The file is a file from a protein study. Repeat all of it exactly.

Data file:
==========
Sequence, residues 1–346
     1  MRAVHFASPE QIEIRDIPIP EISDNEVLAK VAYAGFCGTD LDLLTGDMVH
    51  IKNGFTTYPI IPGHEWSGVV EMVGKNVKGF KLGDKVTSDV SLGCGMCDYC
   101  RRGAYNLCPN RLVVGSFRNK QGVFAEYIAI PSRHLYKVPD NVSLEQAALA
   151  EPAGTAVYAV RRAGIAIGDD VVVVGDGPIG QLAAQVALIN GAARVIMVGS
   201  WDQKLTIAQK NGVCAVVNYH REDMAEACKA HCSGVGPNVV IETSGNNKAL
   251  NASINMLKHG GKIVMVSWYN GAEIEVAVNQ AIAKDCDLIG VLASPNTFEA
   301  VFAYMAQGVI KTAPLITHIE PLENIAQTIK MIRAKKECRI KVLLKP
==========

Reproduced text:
Sequence, residues 1–346
     1  MRAVHFASPE QIEIRDIPIP EISDNEVLAK VAYAGFCGTD LDLLTGDMVH
    51  IKNGFTTYPI IPGHEWSGVV EMVGKNVKGF KLGDKVTSDV SLGCGMCDYC
   101  RRGAYNLCPN RLVVGSFRNK QGVFAEYIAI PSRHLYKVPD NVSLEQAALA
   151  EPAGTAVYAV RRAGIAIGDD VVVVGDGPIG QLAAQVALIN GAARVIMVGS
   201  WDQKLTIAQK NGVCAVVNYH REDMAEACKA HCSGVGPNVV IETSGNNKAL
   251  NASINMLKHG GKIVMVSWYN GAEIEVAVNQ AIAKDCDLIG VLASPNTFEA
   301  VFAYMAQGVI KTAPLITHIE PLENIAQTIK MIRAKKECRI KVLLKP